In the last game we met Drake under special circumstances. Almost immediately he was called to rise above his normal nature and be a hero. But we hinted there were shadier sides to him. In this game we want to explore that...We want the player to see the contradictions. He’s affable and charming, but he can also be a jerk. I don’t want to imply we’re getting heavy and angsty...but we really want to show a character with more colours to him. --Naughty Dog creative director Amy Hennig on Uncharted 2: Among Thieves 
The January issue of Edge Magazine features a cover shot of Uncharted's hero Nathan Drake, bedraggled and unshaven with sunken eyes and cuts on his face and arms. The accompanying article describes developer Naughty Dog's effort to "go deeper into Drake and see what makes him tick." 
This got me thinking about depictions of video game heroes and the seemingly inevitable trajectory towards darker, grittier renditions when they reappear in sequels. Many games assume, correctly I think, that when we return to a character we've seen and played before, we want to know more about who that character is on the inside.
Not every character requires such exploration - I'm pretty sure I know all I want to know about Mario and Luigi's sibling relationship - and sometimes the "go deeper" treatment needlessly muddies the water with little impact on the player. Rockstar's decision to feature a decidedly unhip, unglamorous (some would say sociopathic) Niko Bellic as the hero of GTA IV added a psychological dimension to the character, but from a striclty role-playing perspective, I preferred the less-defined (and less contridictory) presentation of CJ in GTA San Andreas. I'm probably in the minority on that one.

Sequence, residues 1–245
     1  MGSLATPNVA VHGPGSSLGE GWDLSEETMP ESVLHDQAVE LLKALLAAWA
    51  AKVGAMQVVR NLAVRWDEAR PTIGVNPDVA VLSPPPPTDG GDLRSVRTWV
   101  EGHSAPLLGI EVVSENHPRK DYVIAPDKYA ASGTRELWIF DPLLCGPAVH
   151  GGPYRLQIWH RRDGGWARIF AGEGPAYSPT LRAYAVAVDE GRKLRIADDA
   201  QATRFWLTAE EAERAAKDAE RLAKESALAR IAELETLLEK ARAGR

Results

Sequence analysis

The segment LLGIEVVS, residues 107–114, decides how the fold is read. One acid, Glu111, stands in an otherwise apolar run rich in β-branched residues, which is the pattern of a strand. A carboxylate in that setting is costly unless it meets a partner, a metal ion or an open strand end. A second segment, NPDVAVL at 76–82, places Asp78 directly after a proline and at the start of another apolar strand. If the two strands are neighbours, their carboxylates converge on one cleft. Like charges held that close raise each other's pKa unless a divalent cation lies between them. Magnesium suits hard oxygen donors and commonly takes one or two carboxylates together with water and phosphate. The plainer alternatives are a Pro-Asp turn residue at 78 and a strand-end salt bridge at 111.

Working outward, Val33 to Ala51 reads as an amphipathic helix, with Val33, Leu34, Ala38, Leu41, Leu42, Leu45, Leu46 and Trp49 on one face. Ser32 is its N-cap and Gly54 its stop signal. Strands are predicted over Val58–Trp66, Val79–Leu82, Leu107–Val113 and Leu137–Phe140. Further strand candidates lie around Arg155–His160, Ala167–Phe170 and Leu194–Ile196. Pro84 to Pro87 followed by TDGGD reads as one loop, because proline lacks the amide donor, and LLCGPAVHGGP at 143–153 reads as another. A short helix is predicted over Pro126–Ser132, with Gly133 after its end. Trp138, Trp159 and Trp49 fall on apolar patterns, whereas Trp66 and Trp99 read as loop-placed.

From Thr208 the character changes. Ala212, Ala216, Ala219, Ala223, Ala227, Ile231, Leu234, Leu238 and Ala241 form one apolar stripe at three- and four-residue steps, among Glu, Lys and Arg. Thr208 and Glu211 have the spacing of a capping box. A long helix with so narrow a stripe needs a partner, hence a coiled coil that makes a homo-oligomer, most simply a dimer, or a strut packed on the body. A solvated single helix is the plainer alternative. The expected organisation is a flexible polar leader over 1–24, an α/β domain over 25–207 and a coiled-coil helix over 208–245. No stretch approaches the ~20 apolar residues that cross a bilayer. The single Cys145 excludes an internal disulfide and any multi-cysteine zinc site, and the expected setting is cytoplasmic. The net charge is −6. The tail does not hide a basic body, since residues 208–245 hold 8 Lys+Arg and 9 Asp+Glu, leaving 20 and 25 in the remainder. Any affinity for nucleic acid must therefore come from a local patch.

This trajectory into the dark can be explored from several interesting angles, but for now I'll focus on only one: the visual evolution from lighter, mostly straightforward depictions of heroes to their darker, more brooding, and often more stereotypically masculinized transformations. The fact is, most serialized video game heroes grow angrier, more muscle-bound and generally appear more malicious or disaffected.
Why that is and what it all means is a subject for another post. For now, I'll just assemble the images in hopes of stimulating discussion. What impressions do these images convey? Can you think of others that belong in this gallery; or characters that defy my thesis?
Ratchet and Clank
Ryu (Street Fighter series)
Courtesy of reader suggestions: